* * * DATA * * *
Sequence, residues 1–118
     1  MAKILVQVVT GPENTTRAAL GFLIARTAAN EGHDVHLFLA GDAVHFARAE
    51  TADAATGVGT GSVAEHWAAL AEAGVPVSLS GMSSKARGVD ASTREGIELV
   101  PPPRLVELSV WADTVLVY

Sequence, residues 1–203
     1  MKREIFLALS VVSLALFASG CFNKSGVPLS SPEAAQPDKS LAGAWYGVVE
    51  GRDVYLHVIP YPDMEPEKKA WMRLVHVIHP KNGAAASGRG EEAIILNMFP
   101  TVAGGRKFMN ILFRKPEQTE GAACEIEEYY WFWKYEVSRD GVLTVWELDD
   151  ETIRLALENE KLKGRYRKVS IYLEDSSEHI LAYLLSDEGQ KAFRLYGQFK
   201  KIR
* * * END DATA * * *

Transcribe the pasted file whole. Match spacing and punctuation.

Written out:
Sequence, residues 1–118
     1  MAKILVQVVT GPENTTRAAL GFLIARTAAN EGHDVHLFLA GDAVHFARAE
    51  TADAATGVGT GSVAEHWAAL AEAGVPVSLS GMSSKARGVD ASTREGIELV
   101  PPPRLVELSV WADTVLVY

Sequence, residues 1–203
     1  MKREIFLALS VVSLALFASG CFNKSGVPLS SPEAAQPDKS LAGAWYGVVE
    51  GRDVYLHVIP YPDMEPEKKA WMRLVHVIHP KNGAAASGRG EEAIILNMFP
   101  TVAGGRKFMN ILFRKPEQTE GAACEIEEYY WFWKYEVSRD GVLTVWELDD
   151  ETIRLALENE KLKGRYRKVS IYLEDSSEHI LAYLLSDEGQ KAFRLYGQFK
   201  KIR